Microbe World indicates that fungi absorb food from their immediate surroundings directly through their cell walls unlike animals, which eat food, and plants, which produce their own food through the process of photosynthesis. Kew Gardens adds that fungi function like an inside-out version of an animal's stomach. Instead of eating food and digesting it internally, fungi first dissolve food into simpler nutrients and then absorb the food after they digest it.
Microbe World states that most fungi are "grazers," passively eating the food that they grow on. Other fungi, however, are "hunters," trapping active prey that pass their way. For example, these fungi may utilize sticky substances on the end of their hyphae. According to the Journal of Wild Mushrooming, hyphae are threadlike, branching structures that make up the body of the fungus.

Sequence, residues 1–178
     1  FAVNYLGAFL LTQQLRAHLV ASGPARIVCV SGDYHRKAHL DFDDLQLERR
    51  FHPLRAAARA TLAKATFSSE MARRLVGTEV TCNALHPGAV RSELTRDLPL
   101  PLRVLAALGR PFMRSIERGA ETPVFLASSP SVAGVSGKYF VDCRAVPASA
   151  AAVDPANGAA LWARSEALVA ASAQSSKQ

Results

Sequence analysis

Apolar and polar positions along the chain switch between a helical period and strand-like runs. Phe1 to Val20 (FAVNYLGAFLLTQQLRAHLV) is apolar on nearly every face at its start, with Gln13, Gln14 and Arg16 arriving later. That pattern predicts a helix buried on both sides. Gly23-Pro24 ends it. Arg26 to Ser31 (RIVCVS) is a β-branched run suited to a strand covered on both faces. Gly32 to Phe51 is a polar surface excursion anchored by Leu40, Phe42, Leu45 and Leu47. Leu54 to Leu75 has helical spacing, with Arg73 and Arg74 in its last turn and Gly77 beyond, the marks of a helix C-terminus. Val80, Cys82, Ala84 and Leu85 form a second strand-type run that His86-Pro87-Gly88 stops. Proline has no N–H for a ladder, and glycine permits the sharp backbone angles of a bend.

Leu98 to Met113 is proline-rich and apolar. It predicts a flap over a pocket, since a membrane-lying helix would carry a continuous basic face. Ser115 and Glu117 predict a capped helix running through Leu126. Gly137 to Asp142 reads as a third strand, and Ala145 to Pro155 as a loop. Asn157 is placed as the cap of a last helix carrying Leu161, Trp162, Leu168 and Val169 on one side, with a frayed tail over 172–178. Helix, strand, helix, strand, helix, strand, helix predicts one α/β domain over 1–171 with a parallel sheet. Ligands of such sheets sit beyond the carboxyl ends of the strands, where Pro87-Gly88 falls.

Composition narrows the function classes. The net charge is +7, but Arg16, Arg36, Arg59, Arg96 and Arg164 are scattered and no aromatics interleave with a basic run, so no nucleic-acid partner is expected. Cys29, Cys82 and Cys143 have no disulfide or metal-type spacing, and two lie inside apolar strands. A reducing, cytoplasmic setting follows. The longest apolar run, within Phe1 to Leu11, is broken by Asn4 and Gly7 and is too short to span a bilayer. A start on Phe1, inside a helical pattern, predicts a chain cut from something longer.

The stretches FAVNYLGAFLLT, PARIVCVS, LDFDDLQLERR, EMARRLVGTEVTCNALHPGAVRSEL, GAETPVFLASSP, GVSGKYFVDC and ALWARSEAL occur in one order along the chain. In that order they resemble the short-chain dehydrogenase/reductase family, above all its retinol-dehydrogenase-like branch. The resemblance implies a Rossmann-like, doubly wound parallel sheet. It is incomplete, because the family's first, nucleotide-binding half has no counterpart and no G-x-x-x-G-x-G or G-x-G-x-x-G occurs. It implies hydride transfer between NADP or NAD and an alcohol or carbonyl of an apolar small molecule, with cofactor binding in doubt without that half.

Microbe World describes one species of fungus, called "Arthrobotrys dactyloides", that actually creates snares to capture prey by forming looped hyphae. The snares are used to trap tiny nematodes. Other fungi live in partnership with other species. Lichen look like plants, but they are actually a combination of two organisms: a fungus and a plant. The plant feeds the fungus, and the fungus anchors and protects the plant. However, even with these unusual species, the basic principle remains the same. Fungi absorb and externally digest their food, whether it is by grazing, trapping it or by being fed by a plant partner.